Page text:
MINDEMOYA—The Mindemoya Drain/Yonge Street reconstruction project in Central Manitoulin has had a bit of a rocky history, eventually becoming a major issue in the last municipal election.
Slated at $1.6 million, the drain was originally petitioned by the municipal staff and would have brought a significant bill to the doorsteps of adjacent landowners.
Luckily for the current council, or perhaps as put more appropriately by Mayor Gerry Strong, thanks to the diligent work by town staff in seeking funding for the project and the willingness of upper tier governments to pony up for the project, the municipality secured $1.44 million in grants for the project, not only relieving local landowners of a significant bill for their share but getting the municipality, and by extension the taxpayers, off the hook as well.
“The original application was made by the previous council,” said Mayor Strong. He pointed out that the municipality was caught between a rock and a hard place on the drain issue. The need for drainage in the back of the Anglin Subdivision was great, as water had no place to flow and there was no legal drainage. “The municipality had no way of legally cleaning (ditches to allow for water flow),” he said. The municipality started the legal process to deal with the issue under the Drainage Act. “It was a safety concern as well,” added the reeve, noting that the Yonge Street hill was a concern for some people due to the line of sight and the number of children who travel down the hill.
“Originally the project was going to be 100 percent taxpayer (and landowner) funded,” said Mayor Strong. “It made it a big election issue.”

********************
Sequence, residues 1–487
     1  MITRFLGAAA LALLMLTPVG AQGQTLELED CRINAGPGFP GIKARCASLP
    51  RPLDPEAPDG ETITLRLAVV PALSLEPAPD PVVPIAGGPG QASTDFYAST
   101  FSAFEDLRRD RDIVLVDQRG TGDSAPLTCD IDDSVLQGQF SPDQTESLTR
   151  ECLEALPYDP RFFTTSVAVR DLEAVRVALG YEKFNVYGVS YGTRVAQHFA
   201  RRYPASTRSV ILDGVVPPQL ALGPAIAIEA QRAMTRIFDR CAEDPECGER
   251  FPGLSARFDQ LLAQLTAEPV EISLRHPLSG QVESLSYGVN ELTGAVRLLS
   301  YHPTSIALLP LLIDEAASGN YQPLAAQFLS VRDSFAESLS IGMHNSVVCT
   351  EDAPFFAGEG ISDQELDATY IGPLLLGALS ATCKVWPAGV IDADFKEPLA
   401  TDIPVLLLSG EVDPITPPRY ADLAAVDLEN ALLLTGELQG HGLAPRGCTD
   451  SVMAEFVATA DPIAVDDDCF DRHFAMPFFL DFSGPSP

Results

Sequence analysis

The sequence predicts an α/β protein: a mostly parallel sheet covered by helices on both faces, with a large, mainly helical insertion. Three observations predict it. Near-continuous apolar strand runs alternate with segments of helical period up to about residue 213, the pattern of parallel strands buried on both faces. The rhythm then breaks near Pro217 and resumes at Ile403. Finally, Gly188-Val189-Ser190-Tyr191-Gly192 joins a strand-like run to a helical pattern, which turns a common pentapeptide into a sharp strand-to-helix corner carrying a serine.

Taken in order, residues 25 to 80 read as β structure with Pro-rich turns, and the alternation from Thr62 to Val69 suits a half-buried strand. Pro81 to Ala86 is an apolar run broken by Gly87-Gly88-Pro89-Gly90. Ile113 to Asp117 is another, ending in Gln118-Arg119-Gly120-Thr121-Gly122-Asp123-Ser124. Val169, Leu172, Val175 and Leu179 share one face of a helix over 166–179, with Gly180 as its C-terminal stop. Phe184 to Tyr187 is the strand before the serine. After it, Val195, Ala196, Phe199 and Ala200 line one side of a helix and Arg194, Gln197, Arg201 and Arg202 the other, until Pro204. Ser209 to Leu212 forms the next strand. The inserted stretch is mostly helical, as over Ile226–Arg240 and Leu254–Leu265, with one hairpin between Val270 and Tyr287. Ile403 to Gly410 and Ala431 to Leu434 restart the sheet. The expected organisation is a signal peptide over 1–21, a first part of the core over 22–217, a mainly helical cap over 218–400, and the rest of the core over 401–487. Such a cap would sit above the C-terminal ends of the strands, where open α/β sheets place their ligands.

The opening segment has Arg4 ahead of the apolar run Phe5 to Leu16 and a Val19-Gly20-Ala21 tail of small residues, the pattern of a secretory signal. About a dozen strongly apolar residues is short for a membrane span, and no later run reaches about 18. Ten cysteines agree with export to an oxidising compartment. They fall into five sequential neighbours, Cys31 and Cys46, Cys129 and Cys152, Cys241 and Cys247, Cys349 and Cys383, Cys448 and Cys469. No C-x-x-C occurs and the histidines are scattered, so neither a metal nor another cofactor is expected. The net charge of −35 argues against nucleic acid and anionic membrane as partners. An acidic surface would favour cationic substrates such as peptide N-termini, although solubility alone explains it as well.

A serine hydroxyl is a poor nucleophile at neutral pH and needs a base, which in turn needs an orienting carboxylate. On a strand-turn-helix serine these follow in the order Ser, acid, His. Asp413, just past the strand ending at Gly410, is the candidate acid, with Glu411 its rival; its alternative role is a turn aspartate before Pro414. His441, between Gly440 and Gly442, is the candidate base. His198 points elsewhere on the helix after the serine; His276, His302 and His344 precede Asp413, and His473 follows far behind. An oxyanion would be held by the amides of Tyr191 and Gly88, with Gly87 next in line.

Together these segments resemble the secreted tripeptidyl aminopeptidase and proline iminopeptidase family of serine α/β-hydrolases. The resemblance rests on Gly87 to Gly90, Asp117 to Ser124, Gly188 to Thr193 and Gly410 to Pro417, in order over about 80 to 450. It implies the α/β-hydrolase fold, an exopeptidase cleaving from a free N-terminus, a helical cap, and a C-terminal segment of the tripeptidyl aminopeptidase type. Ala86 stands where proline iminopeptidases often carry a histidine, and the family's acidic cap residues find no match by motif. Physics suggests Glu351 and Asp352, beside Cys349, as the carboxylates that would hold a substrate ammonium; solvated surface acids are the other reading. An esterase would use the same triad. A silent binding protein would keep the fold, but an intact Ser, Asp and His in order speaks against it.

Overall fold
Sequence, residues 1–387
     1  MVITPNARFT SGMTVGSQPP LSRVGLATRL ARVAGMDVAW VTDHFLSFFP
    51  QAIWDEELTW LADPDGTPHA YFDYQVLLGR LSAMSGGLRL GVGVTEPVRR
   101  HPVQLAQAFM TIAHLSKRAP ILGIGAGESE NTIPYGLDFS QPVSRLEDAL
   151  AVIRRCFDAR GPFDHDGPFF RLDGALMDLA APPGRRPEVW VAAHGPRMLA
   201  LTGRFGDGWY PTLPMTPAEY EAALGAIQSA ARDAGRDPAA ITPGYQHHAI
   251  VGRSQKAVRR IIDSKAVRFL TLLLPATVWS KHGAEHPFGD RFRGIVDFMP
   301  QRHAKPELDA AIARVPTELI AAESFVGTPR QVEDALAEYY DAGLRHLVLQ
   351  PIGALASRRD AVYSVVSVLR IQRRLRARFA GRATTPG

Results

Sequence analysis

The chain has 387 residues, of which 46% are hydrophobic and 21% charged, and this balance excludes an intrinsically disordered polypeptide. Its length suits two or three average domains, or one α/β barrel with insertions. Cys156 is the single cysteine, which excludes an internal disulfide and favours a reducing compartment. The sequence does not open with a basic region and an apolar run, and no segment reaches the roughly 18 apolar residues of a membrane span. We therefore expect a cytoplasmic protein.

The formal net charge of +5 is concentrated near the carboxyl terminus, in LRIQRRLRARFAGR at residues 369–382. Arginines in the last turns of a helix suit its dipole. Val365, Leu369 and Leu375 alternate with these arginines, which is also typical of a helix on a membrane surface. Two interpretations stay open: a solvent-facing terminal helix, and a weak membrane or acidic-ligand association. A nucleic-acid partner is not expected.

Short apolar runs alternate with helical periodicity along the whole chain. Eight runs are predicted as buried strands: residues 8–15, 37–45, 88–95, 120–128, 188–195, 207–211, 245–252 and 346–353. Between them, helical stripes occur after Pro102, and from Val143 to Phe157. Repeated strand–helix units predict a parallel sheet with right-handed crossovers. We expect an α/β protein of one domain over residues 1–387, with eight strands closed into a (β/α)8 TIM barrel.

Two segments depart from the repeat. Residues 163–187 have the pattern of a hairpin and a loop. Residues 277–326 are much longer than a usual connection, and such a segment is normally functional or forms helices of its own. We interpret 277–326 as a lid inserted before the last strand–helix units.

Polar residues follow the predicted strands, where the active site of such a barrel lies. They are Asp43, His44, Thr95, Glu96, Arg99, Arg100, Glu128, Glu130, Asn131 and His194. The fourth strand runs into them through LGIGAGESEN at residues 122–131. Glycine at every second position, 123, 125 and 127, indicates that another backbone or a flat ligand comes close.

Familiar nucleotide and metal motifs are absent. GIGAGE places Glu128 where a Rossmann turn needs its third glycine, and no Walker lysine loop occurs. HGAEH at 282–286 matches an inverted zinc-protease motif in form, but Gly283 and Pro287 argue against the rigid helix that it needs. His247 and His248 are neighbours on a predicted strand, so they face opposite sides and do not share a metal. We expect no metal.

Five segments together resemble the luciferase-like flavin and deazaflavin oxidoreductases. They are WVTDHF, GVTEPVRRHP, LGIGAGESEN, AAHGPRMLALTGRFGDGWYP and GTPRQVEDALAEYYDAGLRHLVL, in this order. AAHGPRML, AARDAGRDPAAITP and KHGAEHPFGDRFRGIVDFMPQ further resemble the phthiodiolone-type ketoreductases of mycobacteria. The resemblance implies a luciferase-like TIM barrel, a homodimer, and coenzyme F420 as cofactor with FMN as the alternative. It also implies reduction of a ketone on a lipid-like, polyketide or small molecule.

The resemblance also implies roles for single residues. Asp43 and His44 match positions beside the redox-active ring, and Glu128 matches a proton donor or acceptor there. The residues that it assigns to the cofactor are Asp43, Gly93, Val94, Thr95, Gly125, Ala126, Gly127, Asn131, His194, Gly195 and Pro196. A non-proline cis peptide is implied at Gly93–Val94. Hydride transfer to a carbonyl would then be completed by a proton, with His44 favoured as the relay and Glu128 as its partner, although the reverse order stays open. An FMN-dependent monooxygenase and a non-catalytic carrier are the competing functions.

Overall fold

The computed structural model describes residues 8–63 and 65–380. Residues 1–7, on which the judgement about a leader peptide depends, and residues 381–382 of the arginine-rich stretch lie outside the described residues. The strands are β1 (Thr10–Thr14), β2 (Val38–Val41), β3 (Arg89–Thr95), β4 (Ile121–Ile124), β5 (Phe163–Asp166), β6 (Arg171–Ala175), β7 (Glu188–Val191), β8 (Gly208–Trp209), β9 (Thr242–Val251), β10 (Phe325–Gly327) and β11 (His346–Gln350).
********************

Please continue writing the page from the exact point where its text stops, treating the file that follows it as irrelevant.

The funding from upper tier levels of government was originally going to pay for 100 percent of the work. But now, the Yonge Street reconstruction/drain project has literally hit a rock—lots of rock.
“You would think the engineers would have picked up on that when they drilled their test holes,” said the mayor, surmising that perhaps the test holes travelled down into the old trenches of the existing sewer and water lines.
Although the unanticipated rock will mean a higher bill is coming for the work, Mayor Strong noted that the amount that taxpayers and landowners will be on the hook for would still be far more manageable than had been envisioned under the original drain application. “It will be significantly reduced because of the grant,” he said. “Although this is going to increase the hit on the taxpayer, it will certainly not be anything like $1.44 million.”
Mayor Strong also noted during a council meeting that the contractor appears to be inclined to be cooperative in working with the municipality to reduce the costs associated with the unanticipated rock.